102 Dalmatians - Live Action Film 2000  » Movies  »
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  • Naturally as with all movies of this nature, there is a happy ending

    • by locolady

      all reviews
      Cruella strikes again! Ably played by Glenn Close, Cruella de Vil is released from rehab where she was sent at the end of the original 101 Dalmatians movie which preceded this one. She is supposedly completely cured of her fur-fettish - especially the one involving spots! To show how well the cure has worked she even volunteers at a local animal shelter - which is under the threat of closure.

      Seen shampooing and running a beauty parlour for stray dogs at the shelter, there would of course not be another story here if the cure were to have worked in its entirity. Big Ben in Westminster, London is Cruella’s undoing and soon she is plotting along with her old friend - the totally

      nutty and demented Monsieur Le Pelt (played brilliantly by Gerard Depardieu) to steel enough “poopies” (as Le Pelt pronounces it) to have a wonderful dalmatian fur coat made at a sweat shop in Paris.

      The human characters are very well played, but there are two animal heroes in this film, Waddlesworth the parrot (who is convinced he’s a rottwieler) and Oddball the dalmatian puppy born without any spots who simply upstage the humans and are the focus of attention throughout.

      Waddlesworth is voiced by Eric Idle which adds a special comedy to the character, and bless Oddball, she so desperately wants spots like her brothers and sisters that at one point the intelligent pup even tries to photocopy some onto herself!

      These two unlikely friends ...

      • lead the humans across the channel and through Paris to where all the “poopies” have been hidden pending their fate at the fur factory. The climax of the film is one of the funniest things that I have seen recently and needless to say Cruella gets her just deserts.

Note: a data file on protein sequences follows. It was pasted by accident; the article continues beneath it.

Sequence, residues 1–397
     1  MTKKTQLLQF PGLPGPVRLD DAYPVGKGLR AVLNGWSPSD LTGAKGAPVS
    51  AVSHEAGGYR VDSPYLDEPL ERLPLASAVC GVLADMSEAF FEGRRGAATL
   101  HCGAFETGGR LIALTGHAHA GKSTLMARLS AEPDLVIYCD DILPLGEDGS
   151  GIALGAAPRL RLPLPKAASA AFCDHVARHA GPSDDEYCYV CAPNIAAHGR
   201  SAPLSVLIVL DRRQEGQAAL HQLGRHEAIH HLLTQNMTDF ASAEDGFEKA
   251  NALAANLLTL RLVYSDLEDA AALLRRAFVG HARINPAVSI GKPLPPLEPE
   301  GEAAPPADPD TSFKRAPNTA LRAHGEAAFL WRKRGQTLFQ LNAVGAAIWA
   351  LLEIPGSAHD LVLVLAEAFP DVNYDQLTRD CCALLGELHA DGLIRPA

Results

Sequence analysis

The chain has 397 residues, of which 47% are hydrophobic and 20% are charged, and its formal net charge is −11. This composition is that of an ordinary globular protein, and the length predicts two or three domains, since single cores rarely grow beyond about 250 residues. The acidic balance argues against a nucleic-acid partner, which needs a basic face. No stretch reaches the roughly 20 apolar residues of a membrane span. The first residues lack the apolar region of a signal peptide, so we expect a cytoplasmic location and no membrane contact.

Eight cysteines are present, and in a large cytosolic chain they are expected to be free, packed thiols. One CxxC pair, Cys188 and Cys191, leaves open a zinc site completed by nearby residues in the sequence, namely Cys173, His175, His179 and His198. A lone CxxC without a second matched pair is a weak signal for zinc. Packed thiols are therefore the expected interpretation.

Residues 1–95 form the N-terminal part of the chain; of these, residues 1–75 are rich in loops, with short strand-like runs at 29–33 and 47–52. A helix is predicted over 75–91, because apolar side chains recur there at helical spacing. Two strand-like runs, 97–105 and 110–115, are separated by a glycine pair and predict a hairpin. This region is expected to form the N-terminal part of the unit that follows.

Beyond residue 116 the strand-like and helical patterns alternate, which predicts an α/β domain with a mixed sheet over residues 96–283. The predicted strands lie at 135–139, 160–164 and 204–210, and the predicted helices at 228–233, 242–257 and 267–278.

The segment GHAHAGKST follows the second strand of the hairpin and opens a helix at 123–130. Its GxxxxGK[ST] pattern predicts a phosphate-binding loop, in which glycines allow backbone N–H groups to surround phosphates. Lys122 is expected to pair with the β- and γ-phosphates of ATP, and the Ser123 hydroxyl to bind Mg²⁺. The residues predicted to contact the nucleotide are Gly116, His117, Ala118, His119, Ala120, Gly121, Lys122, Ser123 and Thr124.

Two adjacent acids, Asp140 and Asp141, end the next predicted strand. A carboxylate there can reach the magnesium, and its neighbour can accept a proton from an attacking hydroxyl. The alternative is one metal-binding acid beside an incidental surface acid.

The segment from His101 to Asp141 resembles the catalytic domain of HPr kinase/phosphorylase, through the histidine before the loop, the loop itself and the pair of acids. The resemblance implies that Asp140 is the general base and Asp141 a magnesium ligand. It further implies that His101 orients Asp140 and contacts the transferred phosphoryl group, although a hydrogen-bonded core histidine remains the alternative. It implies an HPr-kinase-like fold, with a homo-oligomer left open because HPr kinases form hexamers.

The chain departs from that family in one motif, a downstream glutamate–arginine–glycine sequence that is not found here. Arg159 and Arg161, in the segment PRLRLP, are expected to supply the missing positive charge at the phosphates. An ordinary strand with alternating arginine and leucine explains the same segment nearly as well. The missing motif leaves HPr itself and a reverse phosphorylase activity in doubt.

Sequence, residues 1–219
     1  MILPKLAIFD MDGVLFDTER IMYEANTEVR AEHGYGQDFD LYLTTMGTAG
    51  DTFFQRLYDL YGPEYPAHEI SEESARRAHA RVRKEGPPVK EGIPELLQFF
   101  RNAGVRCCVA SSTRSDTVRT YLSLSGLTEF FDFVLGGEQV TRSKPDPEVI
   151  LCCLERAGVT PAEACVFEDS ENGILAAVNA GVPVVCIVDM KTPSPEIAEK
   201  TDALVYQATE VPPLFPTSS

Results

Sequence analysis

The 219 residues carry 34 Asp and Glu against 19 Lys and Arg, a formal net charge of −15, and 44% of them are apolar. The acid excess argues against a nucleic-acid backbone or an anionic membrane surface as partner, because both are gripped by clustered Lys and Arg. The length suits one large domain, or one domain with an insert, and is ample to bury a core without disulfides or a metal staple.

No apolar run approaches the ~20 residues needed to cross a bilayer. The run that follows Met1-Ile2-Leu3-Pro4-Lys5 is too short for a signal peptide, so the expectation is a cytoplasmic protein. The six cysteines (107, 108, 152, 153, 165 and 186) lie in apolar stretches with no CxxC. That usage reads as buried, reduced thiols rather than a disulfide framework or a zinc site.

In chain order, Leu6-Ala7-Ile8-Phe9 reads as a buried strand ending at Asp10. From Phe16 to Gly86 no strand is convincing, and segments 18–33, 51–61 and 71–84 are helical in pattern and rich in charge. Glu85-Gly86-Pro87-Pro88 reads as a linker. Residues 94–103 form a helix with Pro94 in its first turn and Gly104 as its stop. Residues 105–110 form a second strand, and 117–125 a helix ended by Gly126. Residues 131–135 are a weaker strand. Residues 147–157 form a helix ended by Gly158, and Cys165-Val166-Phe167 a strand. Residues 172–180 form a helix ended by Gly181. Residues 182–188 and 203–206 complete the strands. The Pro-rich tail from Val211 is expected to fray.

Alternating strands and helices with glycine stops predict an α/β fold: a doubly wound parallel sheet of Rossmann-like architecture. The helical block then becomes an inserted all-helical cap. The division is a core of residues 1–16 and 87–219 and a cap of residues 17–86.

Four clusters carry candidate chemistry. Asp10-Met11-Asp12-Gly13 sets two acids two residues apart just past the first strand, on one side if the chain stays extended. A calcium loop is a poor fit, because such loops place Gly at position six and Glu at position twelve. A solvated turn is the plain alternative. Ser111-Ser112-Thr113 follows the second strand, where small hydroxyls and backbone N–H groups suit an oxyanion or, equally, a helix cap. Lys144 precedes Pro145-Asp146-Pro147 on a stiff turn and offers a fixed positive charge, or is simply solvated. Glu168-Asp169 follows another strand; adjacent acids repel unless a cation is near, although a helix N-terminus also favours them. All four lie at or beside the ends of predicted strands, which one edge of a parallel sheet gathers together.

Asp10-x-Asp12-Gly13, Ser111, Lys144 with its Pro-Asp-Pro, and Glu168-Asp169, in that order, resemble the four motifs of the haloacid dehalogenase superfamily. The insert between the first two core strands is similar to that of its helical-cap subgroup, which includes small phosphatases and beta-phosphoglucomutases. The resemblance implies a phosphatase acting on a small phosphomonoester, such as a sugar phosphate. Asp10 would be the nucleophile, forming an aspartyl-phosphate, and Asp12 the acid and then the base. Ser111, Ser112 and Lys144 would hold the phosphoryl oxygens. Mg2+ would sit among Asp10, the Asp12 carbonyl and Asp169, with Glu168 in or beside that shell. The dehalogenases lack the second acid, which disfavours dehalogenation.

The chase across the channel is well shot - but for one exception. Cruella and Le Pelt are escaping to France aboard the Orient Express. Waddlesworth and Oddball are filmed jumping on board a train headed by the world famous Flying Scotsman steam locomotive. Minutes later we are shown a shot of the Orient Express steaming through the countryside - with a totally different engine on the front! It would seem that the continuity

        guys failed to do their job on that occassion - or did they think that no one would be sharp eyed enough to spot that error?

        Other than that the movie is very entertaining. Eric Idle (Waddlesworth) has some great one-liners and we get to see more of Tim McInnery as Alonzo, Cruellas long suffering chauffeur. I give full marks to the animal trainers too esepecially for the sequence at the end, so good I’m still grinning as I write.

        Naturally as with all movies of this nature, there is a happy ending. The animal shelter is saved and Oddball gets her spots - amongst other feel good factors.

        A modern film from the Disney stable of success, well worked to appeal to adults and children alike.

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